Modest gains were dominant on Arab exchanges in June’s first week. Index movements in nine of the twelve markets during the week were by less than two percent — except for a renewed hike in the EGX 30 and corrections in Qatar and Abu Dhabi, which were all between three and four percent. Besides Egypt’s 3.1 percent gain, seven markets moved up, but for six of them, the range of advance was between 0.1 and 1 percent. Beirut and Casablanca joined Abu Dhabi and Doha in moving down.
The impact of the transition of the United Arab Emirates and Qatar from frontier to emerging markets status in the MSCI once again — but possibly for the last time for some while — was the most visible driver of index developments in the Gulf Cooperation Council.
The QE General Index closed the week 3.4 percent lower, but when compared with its intraday all-time peak of 13,909 points on May 29, the gauge dropped nearly 5 percent in a week. Abu Dhabi — which closed last month very near to a multi-year record, also achieved intraday on May 29 — fell by almost 4 percent. Dubai, on the other hand, was not quite as ebullient in the last week of May and eked out a 0.3 percent gain.
With MSCI EM-tracking passive funds entering the three markets at the end of May and in the first few days of June, the volumes of trade on all three were significantly above average in the first two to three sessions of the new month, but tapered out toward the end of the trading week. According to reports by two UAE newspapers, Gulf News and The National, local market participation during the week was characterized on one hand by investor caution in the aftermath of recent hyperactive trading, but on the other hand also saw many new and inexperienced day traders come onto the scene in search of wins.
A fourth GCC market that was affected by MSCI’s reshuffle of its Frontier and Emerging Markets index compositions is Kuwait. It remains part of the Frontier Markets index, but the representation of Kuwaiti stocks in the FM Investable Markets Index — which MSCI stated as 16.45 percent in the index’s May 30 factsheet — was set to expand by about six percentage points after the index’s rebalancing due to the reclassification of Qatari and Emirati stocks which had been part of the FM IMI. Reports on GCC markets said that the KSE could see increased funds inflows due to the KSE’s enlarged role in the Frontier Markets indices.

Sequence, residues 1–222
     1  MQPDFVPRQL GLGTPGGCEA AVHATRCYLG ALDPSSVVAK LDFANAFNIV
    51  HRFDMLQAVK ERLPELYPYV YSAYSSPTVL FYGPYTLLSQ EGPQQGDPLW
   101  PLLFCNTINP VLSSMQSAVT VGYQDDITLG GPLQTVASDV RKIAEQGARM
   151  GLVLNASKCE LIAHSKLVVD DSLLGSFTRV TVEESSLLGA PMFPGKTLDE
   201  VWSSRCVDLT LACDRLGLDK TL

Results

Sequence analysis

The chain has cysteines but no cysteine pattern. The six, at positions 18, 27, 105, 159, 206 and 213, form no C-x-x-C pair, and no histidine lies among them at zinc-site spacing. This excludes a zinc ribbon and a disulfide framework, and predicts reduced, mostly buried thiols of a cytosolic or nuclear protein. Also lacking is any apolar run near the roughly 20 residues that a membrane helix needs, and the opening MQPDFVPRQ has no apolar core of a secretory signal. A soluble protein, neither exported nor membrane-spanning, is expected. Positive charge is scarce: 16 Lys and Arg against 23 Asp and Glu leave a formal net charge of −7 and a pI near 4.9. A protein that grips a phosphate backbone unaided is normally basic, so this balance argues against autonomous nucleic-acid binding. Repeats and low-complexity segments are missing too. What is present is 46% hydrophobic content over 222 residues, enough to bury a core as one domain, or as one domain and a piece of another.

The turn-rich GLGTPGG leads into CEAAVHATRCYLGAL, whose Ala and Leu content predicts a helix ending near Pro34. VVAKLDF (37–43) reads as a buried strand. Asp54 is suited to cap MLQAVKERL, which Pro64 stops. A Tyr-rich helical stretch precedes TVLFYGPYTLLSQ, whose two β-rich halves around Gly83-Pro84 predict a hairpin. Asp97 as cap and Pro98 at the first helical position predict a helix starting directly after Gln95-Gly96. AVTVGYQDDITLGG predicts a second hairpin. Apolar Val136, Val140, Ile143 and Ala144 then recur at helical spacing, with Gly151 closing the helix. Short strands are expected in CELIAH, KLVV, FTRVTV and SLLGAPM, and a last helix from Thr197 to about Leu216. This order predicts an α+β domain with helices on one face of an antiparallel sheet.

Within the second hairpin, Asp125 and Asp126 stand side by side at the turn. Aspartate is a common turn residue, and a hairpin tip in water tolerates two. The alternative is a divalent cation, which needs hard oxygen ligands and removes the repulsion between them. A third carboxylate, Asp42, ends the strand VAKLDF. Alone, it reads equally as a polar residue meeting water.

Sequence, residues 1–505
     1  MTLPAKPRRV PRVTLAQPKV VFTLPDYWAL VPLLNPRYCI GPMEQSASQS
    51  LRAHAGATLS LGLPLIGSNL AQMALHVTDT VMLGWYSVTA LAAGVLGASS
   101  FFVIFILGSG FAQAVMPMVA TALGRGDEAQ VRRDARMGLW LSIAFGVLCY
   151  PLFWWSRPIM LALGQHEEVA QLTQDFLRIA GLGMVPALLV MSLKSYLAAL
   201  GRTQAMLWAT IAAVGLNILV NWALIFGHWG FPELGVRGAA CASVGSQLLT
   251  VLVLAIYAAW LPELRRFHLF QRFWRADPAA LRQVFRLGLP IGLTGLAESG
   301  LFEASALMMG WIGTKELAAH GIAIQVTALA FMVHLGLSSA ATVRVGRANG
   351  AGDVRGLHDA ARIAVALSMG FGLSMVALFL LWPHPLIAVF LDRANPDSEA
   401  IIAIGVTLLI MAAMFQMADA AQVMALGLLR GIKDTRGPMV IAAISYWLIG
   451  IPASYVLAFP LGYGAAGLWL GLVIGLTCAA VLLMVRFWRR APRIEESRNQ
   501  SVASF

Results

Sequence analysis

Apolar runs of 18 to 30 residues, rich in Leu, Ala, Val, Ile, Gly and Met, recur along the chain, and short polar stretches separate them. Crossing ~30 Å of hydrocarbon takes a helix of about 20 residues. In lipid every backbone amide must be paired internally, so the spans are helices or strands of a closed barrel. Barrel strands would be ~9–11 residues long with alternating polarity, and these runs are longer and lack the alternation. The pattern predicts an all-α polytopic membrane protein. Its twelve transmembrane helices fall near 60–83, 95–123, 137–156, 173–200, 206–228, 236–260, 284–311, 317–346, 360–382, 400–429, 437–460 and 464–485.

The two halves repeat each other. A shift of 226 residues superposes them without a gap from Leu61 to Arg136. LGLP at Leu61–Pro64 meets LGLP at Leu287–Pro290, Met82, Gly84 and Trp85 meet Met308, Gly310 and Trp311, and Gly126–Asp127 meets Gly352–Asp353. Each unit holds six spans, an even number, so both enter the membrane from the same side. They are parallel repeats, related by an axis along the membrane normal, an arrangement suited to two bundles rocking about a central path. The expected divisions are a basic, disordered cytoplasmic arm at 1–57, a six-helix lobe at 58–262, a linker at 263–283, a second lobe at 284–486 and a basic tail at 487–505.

However, impact of the increased MSCI weightings of KSE-listed stocks on their share prices did not jump last week out either in terms of the KSE Index performance or via price changes of the stocks with the highest FM IMI weightings, which according to the May 30 factsheet were National Bank of Kuwait (NBK), telecommunications group Zain and Kuwait Finance House (KFH).
The KSE Index fluctuated by not more than 2 percent and subdued trade volumes on the KSE were in no way comparable to the May 29 and June 1 surges of activity seen in the UAE and Qatar. According to market statistics by Kuwait Financial Center Markaz, the share prices of NBK, Zain and KFH dropped by 1 percent, 1.16 percent and 1.22 percent respectively in the first week of June. Trade volumes of NBK, Zain and Agility, another large cap KSE company in the FM index, were elevated but not radically so. Agility, a logistics company, was the only large cap Kuwaiti company that recorded a substantial price gain in the week, moving up by 4.9 percent.
Overall, local factors such as the perceived lack of transparency, as well as disclosure practices marred by time delays and alleged information leaks seemed to remain much stronger influences on the KSE than the country’s inconclusive position of being a major frontier market.
Saudi Arabia’s Tadawul, the largest securities market in the MENA, progressed to a new post-financial crisis high on June 1. While the TASI closed the week only with a small gain, this further supported the bourse’s overall impression as having a stable upward trajectory. The index action on the Bahrain Bourse was unremarkable for yet another week. The Muscat Securities Market continued a rise that started on May 28 and was the GCC’s strongest gainer in the week.
In the context of market valuations and long-term performances, the Omani and Bahraini markets are positioned having the GCC’s lowest price to earnings ratios at 10.5 and 11.7 respectively at the end of May, according to Markaz. Tadawul is more costly with a P/E ratio of 17.1, but although it has gained 17 percent in the year to date, it is still is almost 11,000 points below its historic pre-crisis peak. Consequently, the TASI has the room to gain almost 110 percent — more than any other GCC market — before it would reach another all time index record.
North Africa & the Levant
In the North African markets, the Tunisian Stock Exchange showed some micro-volatility, but the Tunindex moved sideways, closing yet another week of flat performance. The MASI’s performance reflected a week of almost daily drops on the Casablanca Stock Exchange; the market recorded a close below 9,400 points for the first time since the end of February. In the context of the past 12 months, however, the MASI remains on middle ground. With a 3.1 percent gain, the Egyptian market recouped part of the territory lost in the previous, rather volatile election week. Before climbing 150 points on Wednesday, June 4, and more than 380 points on June 5, the EGX 30 had finished two of the week’s sessions below 8,000 points.
The Amman Stock Exchange continued an upward momentum that started in the previous week and gained 1 percent in the ASE Index. The BLOM Index for the Beirut Stock Exchange saw about half of its gain from the previous week wither away, dropping 0.9 percent in the week.